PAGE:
I have another sin to confess. I edit books now. I try to be generous, as I hope people are generous to me. Last night, I started a New York Times best selling author. I try not to pass judgment too quickly, because I have been moved by books before that at a first I considered juvenile. I finish books.
Yet, last night, I found myself first looking at grammar, then the plausibility of an action taken by the heroine. I had to stop myself. I don't want to be that way. I do hope my books will entertain and not make people stop reading because of some point irritates them. I give passes on some, especially, if I'm also reading a C.S. Lewis' novel. Maybe not a good idea to pair up first time writers against a classic.
I think last night, I had higher expectations because this author is a New York Times bestseller. I have heard her interviewed. This is the first book of hers I started reading because at the library they usually have the third or fourth of series without the first or second. First is what this new novel is.
I'm having an easier time reading Diane Keaton's book about herself and her mother because I expect a degree of scatterbrain from this delightful woman. I'm a sucker, too, for mother/daughter relationships from the fifties and sixties, as well as a bit of history. All history is personal. I will post on this book, later, when I finish it. Plus, Diane is not a professional writer with many books under her belt.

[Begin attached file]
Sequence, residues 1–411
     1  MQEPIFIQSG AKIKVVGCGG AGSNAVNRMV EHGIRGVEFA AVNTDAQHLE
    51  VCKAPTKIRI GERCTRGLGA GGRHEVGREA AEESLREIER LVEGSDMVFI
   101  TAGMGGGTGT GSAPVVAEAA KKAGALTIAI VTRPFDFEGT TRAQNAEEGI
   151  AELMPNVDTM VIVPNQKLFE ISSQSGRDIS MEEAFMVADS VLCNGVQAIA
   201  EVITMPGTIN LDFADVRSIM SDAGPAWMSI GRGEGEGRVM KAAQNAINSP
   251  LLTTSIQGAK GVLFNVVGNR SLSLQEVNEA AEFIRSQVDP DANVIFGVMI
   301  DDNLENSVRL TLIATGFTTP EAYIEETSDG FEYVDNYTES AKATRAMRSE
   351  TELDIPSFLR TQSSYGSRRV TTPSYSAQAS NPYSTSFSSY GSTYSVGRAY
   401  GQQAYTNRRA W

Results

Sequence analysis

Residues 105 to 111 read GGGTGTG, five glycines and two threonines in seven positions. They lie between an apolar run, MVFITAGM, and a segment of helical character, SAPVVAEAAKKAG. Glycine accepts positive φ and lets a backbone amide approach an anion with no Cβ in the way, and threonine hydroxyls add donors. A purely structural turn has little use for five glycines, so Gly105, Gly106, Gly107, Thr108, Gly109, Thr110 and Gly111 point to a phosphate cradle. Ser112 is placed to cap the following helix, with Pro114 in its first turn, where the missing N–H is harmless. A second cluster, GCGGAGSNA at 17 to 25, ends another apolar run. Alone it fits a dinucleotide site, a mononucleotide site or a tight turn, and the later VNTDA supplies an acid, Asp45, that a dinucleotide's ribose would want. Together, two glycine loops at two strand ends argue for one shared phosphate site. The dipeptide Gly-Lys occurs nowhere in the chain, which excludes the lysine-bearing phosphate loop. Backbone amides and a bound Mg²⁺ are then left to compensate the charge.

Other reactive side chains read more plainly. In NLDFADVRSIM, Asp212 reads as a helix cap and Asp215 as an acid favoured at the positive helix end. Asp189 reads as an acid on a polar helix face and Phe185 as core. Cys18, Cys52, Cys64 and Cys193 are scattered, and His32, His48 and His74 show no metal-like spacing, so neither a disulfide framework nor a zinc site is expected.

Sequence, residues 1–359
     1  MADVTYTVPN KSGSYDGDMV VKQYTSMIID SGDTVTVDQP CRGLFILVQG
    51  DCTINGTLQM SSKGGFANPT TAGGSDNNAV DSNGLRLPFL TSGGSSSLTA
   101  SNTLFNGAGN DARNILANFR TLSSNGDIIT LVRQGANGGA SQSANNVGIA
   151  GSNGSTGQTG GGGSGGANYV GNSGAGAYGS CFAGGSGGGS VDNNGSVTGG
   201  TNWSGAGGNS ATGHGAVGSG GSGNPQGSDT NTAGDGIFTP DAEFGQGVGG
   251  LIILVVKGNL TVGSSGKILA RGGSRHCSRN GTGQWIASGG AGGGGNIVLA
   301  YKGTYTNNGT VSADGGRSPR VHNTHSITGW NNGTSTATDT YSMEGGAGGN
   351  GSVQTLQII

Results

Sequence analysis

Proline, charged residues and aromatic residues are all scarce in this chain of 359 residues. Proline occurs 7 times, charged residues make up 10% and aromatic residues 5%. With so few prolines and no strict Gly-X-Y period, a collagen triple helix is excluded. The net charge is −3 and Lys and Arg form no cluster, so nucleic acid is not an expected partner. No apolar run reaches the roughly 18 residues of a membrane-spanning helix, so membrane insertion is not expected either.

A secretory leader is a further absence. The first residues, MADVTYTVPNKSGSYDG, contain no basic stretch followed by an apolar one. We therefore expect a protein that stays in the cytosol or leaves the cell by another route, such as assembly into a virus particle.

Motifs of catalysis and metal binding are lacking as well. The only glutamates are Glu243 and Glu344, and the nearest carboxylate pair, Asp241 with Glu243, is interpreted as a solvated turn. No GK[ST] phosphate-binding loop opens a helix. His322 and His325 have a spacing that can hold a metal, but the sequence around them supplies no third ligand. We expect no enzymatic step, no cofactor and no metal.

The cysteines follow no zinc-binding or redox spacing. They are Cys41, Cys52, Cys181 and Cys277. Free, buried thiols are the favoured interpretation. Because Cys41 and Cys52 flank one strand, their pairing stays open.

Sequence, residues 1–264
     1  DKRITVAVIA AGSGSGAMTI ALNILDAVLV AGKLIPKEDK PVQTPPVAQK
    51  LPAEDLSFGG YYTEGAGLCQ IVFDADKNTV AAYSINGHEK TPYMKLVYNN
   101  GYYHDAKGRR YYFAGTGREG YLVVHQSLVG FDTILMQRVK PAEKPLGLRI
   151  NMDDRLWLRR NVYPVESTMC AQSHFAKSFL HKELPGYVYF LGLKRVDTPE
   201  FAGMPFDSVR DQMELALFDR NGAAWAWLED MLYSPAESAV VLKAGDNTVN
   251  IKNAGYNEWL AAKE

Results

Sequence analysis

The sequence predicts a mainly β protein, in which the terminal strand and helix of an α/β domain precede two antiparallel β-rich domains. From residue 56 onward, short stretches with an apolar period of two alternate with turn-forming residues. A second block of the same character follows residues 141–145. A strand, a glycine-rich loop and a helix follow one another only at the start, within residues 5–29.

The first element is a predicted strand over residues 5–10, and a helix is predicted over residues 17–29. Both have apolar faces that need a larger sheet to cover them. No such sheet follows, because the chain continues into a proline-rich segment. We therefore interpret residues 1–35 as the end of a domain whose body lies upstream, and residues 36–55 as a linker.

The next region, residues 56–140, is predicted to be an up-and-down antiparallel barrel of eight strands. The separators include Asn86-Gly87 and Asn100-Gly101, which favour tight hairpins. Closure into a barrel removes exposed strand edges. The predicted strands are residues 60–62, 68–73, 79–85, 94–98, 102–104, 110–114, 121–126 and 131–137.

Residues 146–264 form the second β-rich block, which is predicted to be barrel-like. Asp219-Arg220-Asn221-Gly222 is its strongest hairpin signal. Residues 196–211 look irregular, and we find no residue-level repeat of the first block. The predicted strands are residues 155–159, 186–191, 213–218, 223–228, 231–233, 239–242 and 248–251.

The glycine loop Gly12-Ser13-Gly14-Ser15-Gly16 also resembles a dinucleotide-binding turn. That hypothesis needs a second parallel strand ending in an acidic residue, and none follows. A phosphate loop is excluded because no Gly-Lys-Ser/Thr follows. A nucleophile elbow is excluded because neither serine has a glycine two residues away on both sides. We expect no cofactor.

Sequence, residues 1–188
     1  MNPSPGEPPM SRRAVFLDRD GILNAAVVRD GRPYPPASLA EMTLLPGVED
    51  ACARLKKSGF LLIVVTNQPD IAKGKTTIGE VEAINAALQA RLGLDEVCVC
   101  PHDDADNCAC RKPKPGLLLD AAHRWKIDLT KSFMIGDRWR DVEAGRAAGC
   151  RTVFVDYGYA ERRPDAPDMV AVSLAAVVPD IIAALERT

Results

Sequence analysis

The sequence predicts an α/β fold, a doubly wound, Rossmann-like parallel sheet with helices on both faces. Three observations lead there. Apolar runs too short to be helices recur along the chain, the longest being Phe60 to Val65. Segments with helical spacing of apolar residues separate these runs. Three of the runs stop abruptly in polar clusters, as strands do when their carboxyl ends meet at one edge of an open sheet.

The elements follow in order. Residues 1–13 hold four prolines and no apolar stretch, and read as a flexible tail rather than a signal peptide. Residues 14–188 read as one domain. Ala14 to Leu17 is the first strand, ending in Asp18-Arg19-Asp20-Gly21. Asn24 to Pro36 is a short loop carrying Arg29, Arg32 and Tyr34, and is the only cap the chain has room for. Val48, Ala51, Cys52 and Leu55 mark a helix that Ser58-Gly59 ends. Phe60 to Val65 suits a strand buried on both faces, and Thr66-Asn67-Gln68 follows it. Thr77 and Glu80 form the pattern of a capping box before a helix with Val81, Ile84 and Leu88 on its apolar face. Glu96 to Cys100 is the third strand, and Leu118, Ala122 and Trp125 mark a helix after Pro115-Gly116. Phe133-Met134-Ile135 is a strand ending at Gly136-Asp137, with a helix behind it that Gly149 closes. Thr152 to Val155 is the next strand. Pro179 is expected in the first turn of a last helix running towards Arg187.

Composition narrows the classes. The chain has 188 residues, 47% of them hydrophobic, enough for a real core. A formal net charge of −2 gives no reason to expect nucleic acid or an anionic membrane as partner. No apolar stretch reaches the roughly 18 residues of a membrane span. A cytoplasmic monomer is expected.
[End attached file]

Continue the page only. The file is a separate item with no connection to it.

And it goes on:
Anyways, I'm confessing that I have this habit of being maybe a bit too critical. I don't want to be so. I want a degree of understanding from my reader, too. I read to learn. I look past some faults because learning is not always intellectual, but emotional and spiritual. I'll plow through, hoping to learn. I'll be patient, as in the golden rule. Forgive me my first response.